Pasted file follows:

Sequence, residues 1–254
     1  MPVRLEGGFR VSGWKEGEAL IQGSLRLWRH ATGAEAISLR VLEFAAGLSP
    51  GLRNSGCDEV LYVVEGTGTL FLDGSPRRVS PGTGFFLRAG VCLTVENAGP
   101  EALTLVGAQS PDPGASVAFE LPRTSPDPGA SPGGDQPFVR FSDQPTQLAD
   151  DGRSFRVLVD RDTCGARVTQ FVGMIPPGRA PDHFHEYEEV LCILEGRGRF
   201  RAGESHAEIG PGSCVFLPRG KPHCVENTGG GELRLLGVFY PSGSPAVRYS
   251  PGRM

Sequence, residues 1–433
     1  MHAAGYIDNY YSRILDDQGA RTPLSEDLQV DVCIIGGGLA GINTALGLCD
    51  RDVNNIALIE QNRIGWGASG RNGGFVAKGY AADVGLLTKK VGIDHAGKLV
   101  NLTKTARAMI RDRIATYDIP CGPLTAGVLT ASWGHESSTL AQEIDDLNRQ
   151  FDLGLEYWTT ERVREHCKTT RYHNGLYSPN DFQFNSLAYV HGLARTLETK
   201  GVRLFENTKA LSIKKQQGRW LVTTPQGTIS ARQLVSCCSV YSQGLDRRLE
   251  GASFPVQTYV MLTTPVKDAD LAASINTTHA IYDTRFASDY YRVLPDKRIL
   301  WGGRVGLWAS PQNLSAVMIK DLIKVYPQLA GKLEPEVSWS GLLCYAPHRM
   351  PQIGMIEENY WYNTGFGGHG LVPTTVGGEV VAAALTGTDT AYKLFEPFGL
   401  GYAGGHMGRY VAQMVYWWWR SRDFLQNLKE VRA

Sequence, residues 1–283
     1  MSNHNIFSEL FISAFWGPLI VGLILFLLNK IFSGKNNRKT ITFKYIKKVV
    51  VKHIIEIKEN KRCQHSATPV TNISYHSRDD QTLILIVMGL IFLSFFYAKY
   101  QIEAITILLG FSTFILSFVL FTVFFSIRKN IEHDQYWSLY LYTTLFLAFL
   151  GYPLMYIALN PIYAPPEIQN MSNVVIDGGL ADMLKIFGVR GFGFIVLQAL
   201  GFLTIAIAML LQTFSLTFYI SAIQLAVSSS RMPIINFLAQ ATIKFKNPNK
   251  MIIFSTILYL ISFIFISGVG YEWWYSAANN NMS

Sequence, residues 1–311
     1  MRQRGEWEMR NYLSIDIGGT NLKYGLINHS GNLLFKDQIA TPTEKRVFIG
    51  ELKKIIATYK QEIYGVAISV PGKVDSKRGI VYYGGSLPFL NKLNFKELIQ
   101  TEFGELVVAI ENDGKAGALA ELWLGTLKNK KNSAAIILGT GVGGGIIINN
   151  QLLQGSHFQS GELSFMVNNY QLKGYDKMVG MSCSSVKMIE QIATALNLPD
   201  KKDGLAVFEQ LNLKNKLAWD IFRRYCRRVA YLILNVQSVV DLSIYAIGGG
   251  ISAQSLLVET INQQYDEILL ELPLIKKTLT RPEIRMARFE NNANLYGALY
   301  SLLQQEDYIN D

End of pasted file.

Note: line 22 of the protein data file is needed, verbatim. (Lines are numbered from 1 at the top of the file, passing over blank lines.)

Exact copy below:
   151  GYPLMYIALN PIYAPPEIQN MSNVVIDGGL ADMLKIFGVR GFGFIVLQAL